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The 10 Stupidest Moments in Glenn Beck's New Novel

Turns out, Glenn Beck is not a very good novelist. But his efforts are inadvertently hilarious.

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"I know there was a meeting at the office yesterday afternoon," she said, lowering her voice but not her intensity. "I saw the guest list on the catering order. I know who was there. I know you were in it. And I think I know what it was about."

See, it's important to make a personalized catering order. The catering company can't do their work properly unless they know the identities of every single person attending this classified meeting. Also, it's important to send this highly sensitive information via regular U.S. mail and let temporary employees handle it.

Funnily enough, it's this bit of information that impels Molly and Noah to break into Noah's father's office to do some sleuthing as to what actually took place at the meeting. As they're standing in the office, Molly asks Noah: "Who was in this meeting, do you know?" Remember, Molly had already said she knew who was at the meeting from reading the catering order. Must've just slipped her mind.

4. The mail-clerk espionage

As we've already seen, Molly was hired on as a temporary mail clerk at the Gardner PR firm, a position which, at first glance, wouldn't seem to enjoy a high level of security clearance. It turns out, however, that this particular PR firm sends and receives all its super-secret and highly classified memos via the U.S. Postal Service. So by that strange quirk, Molly was given the opportunity to steal a classified government memo detailing a nefarious plot to put Americans into concentration camps, as is explained to Noah a couple of days after the office break-in:

Landers finessed right past that question. "The first piece," he said, "was that we figured out who leaked the government document to the press last week."

"Who was it?"

"It was scanned and sent out from right here. About two hours after it came into the mailroom."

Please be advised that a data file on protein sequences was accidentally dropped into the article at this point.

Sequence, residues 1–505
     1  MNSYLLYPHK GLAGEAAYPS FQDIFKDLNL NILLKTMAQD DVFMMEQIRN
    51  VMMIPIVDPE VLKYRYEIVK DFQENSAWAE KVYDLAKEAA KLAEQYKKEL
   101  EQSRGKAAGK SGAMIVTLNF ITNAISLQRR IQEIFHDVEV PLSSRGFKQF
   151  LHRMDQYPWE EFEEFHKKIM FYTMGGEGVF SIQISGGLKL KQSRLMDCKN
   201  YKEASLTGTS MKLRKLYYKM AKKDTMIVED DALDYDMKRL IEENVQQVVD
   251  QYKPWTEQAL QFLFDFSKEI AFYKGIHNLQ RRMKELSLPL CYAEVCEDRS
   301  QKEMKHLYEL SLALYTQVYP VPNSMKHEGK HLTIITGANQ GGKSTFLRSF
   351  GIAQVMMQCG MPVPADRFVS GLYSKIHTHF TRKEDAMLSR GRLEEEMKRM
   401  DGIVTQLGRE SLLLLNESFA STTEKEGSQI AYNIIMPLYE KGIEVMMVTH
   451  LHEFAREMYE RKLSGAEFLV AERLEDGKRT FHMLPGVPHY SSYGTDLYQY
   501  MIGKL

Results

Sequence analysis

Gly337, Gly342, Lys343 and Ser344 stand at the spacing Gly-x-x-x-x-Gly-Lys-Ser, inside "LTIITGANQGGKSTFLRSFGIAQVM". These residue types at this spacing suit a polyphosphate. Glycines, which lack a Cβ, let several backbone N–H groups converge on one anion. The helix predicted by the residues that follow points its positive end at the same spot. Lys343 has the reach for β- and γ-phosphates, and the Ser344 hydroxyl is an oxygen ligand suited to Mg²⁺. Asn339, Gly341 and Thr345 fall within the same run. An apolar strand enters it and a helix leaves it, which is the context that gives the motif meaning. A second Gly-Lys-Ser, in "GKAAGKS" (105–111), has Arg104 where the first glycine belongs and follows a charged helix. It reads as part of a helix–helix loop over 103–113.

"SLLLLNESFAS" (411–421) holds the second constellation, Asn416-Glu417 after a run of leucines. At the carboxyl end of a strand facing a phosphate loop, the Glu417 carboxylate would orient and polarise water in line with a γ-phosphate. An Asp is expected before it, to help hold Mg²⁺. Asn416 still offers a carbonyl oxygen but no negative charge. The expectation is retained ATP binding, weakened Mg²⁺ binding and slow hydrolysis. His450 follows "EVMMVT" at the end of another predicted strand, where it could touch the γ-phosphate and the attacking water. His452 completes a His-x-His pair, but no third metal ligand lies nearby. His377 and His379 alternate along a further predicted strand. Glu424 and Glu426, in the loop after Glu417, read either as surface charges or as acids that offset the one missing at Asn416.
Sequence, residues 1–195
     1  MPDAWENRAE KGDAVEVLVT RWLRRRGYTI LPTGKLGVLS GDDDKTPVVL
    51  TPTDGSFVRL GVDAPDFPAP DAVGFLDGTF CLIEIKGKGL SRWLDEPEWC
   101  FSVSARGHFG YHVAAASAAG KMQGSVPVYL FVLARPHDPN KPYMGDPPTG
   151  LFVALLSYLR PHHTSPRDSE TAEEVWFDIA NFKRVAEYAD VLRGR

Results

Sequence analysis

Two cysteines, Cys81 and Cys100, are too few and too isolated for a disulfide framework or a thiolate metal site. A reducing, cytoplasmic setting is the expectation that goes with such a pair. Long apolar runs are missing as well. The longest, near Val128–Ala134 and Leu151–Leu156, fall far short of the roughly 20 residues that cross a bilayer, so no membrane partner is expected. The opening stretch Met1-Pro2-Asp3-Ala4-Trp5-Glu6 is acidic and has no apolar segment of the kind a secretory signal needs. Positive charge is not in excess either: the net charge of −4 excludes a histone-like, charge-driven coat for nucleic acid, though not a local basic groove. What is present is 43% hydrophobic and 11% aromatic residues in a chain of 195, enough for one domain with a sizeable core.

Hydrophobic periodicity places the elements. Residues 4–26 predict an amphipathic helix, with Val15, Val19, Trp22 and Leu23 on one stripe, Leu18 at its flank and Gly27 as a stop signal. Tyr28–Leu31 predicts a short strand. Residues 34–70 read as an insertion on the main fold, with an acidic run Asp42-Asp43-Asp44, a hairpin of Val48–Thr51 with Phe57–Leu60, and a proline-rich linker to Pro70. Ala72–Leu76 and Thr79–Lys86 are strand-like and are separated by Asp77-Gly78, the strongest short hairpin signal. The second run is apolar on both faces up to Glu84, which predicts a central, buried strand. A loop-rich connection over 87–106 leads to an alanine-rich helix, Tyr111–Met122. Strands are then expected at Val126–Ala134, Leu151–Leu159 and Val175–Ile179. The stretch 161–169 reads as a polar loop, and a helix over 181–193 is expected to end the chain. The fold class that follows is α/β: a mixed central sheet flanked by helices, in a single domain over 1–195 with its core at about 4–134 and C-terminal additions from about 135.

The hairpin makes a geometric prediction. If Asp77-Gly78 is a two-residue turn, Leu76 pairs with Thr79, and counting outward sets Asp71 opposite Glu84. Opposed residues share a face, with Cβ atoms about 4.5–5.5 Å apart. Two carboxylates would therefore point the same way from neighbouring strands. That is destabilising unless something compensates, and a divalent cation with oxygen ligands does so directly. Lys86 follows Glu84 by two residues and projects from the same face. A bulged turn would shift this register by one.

"I don't believe it," Noah said.

Landers picked up a manila folder from the desk and put it in Noah's hands. "Take a look for yourself," he said.

The tab on the folder wasn't labeled and the paper inside was still warm from the copier. The top document was the cover page of a dossier, and the bold heading was just a name: Molly Ross.

He flipped the page to find a breadcrumb trail of computer activity sent up from the IT department. There was her log-in and some fairly cagey attempts to hide the suspicious actions through a proxy mask, along with the e-mail message in question, addressed to a list of a few hundred recipients outside the company firewall. And there was the attachment that contained a digitized version of the formerly secret DHS memorandum.

No question that she'd done it; no question that she'd tried to hide what she'd done.

Why Noah finds it shocking that Molly would steal this memo is anyone's guess. As noted above, he and Molly had already  broken into his father's office in order to obtain this information.

5. Never leave your super-villainous PowerPoint presentations lying around

After Noah and Molly break into Noah's father's office, they discover several of the intricacies of his father's nefarious plan laid out clearly in a PowerPoint presentation.

Down the central hall and adjacent to the conference room they keyed themselves into the locked AV booth, where the presentation files were stored. Molly stood by him as he found the coded folders on the computer, entered their passwords, and prepared the show to be launched from a remote controller at the podium inside.